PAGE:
In North Carolina, barbecue is sacred. It evokes high passion and the drawing of lines in the sand among aficionados as to which is the best style— Eastern or Piedmont, vinegar or not, chopped or pulled, whole hog or shoulder, and the list goes on.
The debate about which style is best prompts year-round barbecue rituals, revivals, cook-offs and cookbooks devoted to the subject. In short, the nation is hog wild over barbecue – currently the number-one meat in America. And here in North Carolina, we are essentially a Barbecue Belt state.
To further stoke the flames of contention, the Triad’s barbecue scene has a new ‘cue to consider– ZC Hawaiian BBQ, owned by Benny Zeng. The eclectic island cuisine is a first for Greensboro.
A rich history lesson goes with each plate – the story behind Hawaiian barbecue and yes, the tale of the potted meat called “Spam.” The concept is so new to the area that the restaurant published a short history lesson aka “Hawaiian barbecue primer” on its Facebook page. It explains that “Hawaiian BBQ often called plate lunch, or ‘the state food of Hawaii,’ dates back to the 19th century sugar plantations and pineapple fields.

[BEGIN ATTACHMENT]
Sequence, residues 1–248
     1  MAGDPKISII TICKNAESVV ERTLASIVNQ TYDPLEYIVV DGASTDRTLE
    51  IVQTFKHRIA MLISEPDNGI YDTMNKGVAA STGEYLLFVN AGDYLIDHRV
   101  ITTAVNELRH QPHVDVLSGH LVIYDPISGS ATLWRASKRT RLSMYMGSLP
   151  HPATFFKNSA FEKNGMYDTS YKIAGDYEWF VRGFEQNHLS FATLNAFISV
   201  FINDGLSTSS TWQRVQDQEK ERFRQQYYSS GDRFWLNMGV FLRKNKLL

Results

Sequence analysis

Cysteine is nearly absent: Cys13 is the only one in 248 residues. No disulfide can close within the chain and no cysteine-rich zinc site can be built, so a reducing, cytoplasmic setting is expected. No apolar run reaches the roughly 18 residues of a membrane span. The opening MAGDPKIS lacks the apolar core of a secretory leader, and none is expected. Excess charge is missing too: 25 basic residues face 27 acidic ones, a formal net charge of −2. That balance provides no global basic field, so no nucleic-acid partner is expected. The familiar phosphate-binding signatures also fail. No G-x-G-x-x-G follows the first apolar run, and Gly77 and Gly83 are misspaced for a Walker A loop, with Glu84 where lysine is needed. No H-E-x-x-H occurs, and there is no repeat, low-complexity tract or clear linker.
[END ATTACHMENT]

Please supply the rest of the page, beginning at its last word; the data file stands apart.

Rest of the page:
The workforce was diverse consisting of Japan, the Philippines, China, Portugal, Korea, and some New Englanders. These workers often shared their lunch resulting in mixtures of the different cuisines.” This explains rice and macaroni salad co-existing on the menu.
On the night I arrive to try my first Hawaiian barbecue, Benny is busy with customers – ringing up orders and helping in the kitchen. His son is doing his homework and stops to answer the telephone for Benny. His daughter has earphones on. Hawaiian music is playing on the sound system and the mood is relaxed.
I notice a group of women who are having way too much fun eating, and I walk over to see what the fuss is about. The friendly trio – Janet Ditto, Donna Livingstone and Linda Subris – are the best PR team a Hawaiian restaurant could ask for. They have all lived and worked in Hawaii for decades as missionaries. Donna (32 years) and Janet (15 years) have since moved back to the U.S. and live in Greensboro. Linda is visiting and lives on Palau Island. She works in Kona, Hawaii.
“Sit down and join us,” smiled Donna. I ask if they like the food and we are off to the races. They chorus in unity – “It is ‘ono,’” which means delicious in Hawaiian. “We give it five stars,” said Donna. “It is like what you would eat in Hawaii– this is truly authentic.”
Chicken katsu is on Donna’s plate – tempura-like treatment on tender chicken strips, and kalua pork and cabbage (popular at Hawaiian luaus). Janet is eating chicken katsu saimin (Chinese influence) which you can order with chicken or other meat. Saimin is soup made with fresh ramen noodles. Linda is happily noshing on barbecue chicken. For those who like variety, the barbecue plate aptly called the BBQ Mix is a combo of chicken, beef and short ribs. Dessert is Portuguese malasada or small cinnamon-dusted doughnuts with icing-like dipping sauce.